p3.swift  Expand source
To run:

 

Running p3.swift

The output will be named output/average.out.

 

Output of p3.swift

Part 4 - Running a parallel ensemble on OSG Connect resources

This is the first script that will submit jobs to OSG through OSG connect. It is similar to earlier scripts, with a few minor exceptions. To generalize the script for other types of remote execution (e.g., when no shared filesystem is available to the compute nodes), the application simulate.sh will get transferred to the worker node by Swift, in the same manner as any other input data file. The control flow and source for the SWIFT script follows:

 

p4.swift  Expand source
To run:

 

Running p4.swift

The output will be named output/sim_N.out.

Output of p2.swift
SWIFT uses parameters in the sites.xml file to determine parameters to use when submitting jobs to HTCondor.  The key values to note are the pool element which sets the name for the pool that SWIFT submits to.  In addition, there is a condor.+ProjectName value that needs to be set to the project that you're submitting as.

 

sites.xml  Expand source

The other file that SWIFT uses is the apps file.  This file lays out the mappings between applications used in the SWIFT script files and the actual binaries for each pool.  E,g:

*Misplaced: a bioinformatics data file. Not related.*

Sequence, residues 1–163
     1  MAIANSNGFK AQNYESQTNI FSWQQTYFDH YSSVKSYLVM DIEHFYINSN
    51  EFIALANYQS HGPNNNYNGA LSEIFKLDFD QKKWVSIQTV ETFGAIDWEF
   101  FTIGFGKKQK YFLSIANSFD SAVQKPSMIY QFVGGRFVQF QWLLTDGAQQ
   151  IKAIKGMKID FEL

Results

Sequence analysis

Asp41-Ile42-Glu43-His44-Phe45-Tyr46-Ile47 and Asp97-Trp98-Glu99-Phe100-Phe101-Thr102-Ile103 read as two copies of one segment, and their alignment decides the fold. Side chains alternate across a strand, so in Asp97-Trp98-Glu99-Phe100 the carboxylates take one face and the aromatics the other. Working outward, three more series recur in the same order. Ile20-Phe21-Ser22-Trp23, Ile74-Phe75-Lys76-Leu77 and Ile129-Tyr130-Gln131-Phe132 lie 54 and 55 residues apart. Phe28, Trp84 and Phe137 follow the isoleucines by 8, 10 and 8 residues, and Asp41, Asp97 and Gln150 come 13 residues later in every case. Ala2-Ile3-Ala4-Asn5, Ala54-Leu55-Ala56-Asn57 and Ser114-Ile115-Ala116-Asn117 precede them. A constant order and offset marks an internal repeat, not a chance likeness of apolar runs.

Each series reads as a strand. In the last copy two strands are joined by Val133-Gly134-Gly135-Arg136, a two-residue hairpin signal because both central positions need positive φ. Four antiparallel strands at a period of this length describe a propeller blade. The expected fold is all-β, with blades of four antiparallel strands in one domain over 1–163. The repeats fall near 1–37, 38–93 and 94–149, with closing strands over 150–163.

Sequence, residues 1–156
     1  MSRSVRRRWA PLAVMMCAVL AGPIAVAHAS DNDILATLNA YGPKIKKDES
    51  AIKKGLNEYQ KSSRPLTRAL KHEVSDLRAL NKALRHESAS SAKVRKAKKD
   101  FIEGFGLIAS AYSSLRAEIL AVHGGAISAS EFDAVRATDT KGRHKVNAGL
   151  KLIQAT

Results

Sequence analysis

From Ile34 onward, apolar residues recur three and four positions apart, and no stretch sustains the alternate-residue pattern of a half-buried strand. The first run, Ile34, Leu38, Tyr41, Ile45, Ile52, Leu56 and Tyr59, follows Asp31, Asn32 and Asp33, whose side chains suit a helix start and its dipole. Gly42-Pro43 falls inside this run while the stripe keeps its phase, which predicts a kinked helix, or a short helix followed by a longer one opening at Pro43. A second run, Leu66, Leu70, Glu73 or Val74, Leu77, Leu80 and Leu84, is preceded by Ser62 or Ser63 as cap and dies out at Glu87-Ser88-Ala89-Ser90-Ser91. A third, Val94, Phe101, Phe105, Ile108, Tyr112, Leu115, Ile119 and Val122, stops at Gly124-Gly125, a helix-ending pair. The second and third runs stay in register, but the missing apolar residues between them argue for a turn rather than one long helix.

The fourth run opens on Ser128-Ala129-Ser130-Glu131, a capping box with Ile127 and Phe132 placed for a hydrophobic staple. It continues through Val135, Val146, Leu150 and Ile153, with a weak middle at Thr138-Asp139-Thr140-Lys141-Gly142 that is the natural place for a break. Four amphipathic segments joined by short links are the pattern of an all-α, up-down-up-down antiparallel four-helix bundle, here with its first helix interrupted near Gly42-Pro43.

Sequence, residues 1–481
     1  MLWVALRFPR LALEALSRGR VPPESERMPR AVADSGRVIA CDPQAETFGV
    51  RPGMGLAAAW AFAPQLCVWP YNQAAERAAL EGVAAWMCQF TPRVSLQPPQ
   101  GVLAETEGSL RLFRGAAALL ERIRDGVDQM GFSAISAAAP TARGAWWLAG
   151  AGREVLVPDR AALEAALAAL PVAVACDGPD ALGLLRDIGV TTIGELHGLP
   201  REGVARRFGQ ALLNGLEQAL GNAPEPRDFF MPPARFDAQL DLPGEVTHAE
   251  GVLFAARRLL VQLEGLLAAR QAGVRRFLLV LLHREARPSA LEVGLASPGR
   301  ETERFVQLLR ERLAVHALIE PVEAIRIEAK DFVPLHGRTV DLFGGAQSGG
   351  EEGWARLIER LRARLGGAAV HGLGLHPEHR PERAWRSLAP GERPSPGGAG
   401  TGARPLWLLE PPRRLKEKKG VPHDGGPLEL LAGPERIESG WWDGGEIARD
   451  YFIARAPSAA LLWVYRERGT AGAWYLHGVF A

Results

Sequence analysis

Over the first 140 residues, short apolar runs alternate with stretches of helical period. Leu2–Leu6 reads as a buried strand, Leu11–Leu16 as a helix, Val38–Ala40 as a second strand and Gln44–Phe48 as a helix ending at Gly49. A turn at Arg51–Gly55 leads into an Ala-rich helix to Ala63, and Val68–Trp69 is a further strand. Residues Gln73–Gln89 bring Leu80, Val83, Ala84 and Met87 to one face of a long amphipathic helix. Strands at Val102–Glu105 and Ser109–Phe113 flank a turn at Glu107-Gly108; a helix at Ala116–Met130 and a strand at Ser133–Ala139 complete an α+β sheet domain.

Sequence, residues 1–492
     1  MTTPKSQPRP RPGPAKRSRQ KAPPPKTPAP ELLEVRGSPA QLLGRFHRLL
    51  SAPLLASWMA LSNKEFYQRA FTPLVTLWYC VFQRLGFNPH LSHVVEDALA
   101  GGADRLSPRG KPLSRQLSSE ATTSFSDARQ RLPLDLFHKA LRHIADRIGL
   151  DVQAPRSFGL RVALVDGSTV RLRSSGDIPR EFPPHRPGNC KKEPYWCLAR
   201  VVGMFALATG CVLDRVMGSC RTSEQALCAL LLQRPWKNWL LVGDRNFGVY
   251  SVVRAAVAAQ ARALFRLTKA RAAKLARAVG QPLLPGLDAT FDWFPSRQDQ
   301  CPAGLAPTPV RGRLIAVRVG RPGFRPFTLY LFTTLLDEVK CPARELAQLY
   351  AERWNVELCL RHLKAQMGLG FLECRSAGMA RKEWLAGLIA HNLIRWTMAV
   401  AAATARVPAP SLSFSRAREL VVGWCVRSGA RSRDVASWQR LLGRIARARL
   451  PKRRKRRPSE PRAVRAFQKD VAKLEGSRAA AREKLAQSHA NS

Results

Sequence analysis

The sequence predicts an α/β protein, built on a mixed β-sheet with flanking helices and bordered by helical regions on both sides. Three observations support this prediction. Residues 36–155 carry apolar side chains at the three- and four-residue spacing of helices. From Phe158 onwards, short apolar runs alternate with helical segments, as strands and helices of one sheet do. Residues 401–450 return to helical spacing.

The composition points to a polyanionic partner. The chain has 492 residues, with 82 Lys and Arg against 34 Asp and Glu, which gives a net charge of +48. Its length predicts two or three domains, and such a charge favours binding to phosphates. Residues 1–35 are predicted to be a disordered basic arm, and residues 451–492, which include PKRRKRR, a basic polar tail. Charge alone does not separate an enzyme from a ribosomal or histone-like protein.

apps

 

Part 5 - Linking applications together on OSG-Connect

The p5.swift introduces a postprocessing step. After all the parallel simulations have completed, the files created by simulation.sh will be averaged by stats.sh. This is similar to p3, but all app invocations are done on remote nodes with Swift managing file transfers.  The workflow and source follow:

p5.swift  Expand source

 

To run:

 

Running p4.swift

The output will be named output/stats.out.

Output of p2.swift

Part 6 - Specifying more complex workflow patterns

The p6.swift script builds on p5.swift, but adds new apps for generating a random seed and a random bias value.  The script's control flow and source is shown below:


p6.swift  Expand source

To run:

 

Running p6.swift

The output will be named output/stats.out.

Verifying output

 

Further information and refernces